Burnett, who had a reputation as a talented-yet-underachieving tease in Florida, applied himself in Toronto with help from Halladay and pitching coach Brad Arnsberg and took his game to a new level before exercising an opt-out clause to leave the Jays. He still trades text messages with Halladay after every start and worships the FieldTurf that Halladay walks on.

"I've always said that things happen for a reason, and I went to Toronto for a reason," Burnett said. "It was three years instead of five years, but I believe that reason was to get around Halladay and Arny and get some things figured out. I'll never forget my time there. I learned so much in that three-year period."

J.P. Ricciardi It's a long season. If judgment day for us is May 12, I would think we're in some kind of trouble.

-- Blue Jays GM J.P. Ricciardi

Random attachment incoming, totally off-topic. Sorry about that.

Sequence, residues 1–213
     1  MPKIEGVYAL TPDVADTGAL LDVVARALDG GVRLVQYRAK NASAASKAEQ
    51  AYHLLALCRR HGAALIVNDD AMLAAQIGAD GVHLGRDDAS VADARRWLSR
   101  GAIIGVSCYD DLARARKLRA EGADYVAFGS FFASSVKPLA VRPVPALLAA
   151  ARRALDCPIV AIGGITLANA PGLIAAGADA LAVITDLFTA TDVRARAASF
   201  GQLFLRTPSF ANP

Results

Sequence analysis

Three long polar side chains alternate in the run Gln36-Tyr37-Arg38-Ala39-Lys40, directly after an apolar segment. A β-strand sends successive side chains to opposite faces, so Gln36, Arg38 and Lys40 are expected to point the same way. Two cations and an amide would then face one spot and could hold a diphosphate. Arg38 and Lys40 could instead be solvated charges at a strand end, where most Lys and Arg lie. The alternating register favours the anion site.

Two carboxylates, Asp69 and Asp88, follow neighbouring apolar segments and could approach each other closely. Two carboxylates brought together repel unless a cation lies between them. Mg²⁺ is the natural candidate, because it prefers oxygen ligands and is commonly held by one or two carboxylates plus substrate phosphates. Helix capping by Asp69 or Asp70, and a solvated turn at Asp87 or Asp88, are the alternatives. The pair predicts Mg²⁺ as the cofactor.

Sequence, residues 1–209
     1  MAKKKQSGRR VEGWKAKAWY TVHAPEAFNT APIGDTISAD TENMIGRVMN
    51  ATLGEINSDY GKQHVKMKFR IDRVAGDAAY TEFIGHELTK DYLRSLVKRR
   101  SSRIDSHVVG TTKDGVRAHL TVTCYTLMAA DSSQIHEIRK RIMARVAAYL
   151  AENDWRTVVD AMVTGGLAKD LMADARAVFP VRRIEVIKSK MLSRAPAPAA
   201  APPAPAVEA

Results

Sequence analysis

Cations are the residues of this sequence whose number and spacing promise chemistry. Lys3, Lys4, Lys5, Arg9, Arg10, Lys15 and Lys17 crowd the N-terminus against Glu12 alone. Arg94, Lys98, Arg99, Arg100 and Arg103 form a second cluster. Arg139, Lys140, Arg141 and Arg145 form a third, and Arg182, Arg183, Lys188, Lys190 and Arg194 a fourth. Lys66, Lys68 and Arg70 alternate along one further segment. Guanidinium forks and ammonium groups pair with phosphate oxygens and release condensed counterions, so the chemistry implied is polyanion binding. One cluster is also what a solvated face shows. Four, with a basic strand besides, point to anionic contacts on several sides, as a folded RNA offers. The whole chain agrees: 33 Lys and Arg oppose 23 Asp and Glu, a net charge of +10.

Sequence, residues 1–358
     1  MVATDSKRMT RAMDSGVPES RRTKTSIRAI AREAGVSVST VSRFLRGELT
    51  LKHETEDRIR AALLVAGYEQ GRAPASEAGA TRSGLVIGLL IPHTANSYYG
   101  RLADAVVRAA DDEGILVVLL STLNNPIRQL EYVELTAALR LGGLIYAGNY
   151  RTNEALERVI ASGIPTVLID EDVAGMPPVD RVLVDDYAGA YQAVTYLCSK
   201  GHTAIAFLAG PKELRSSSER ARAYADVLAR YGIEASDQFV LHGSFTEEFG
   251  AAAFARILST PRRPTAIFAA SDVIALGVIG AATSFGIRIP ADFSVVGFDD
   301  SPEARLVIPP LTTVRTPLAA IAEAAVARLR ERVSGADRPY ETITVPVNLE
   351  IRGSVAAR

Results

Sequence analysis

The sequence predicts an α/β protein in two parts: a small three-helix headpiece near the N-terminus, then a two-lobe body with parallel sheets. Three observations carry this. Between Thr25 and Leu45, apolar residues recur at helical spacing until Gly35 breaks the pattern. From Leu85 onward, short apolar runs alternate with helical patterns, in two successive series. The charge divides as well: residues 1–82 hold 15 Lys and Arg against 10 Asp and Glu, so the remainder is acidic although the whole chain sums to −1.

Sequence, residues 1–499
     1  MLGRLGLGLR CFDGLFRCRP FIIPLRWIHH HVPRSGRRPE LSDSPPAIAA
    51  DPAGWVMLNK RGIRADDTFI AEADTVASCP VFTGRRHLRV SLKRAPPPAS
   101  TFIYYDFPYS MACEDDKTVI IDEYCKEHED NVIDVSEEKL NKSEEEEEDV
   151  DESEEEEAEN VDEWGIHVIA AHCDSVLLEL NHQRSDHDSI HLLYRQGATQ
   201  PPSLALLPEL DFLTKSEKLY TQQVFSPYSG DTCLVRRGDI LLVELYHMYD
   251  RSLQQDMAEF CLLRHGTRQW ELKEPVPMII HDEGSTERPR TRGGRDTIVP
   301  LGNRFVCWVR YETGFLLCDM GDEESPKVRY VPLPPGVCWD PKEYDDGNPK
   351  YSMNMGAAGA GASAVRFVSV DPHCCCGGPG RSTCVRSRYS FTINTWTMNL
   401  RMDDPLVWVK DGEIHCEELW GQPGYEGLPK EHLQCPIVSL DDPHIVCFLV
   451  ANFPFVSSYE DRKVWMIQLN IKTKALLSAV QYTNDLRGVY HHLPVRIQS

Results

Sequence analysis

There's a temptation, naturally, to blow the New York series out of proportion in Toronto, but the Jays aren't buying into the hype. They'll play 54 games against the Yankees, Rays and Red Sox this season, so it's a little early to start hyperventilating.

"It's a long season," Ricciardi said. "If judgment day for us is May 12, I would think we're in some kind of trouble."

Although San Diego, Pittsburgh and some other early feel-good stories have faded, there's reason to believe the Blue Jays have some staying power. They've won 87, 83 and 86 games the past three seasons but generate little publicity because they play in the shadow of the Red Sox, Yankees and now the Rays in the East.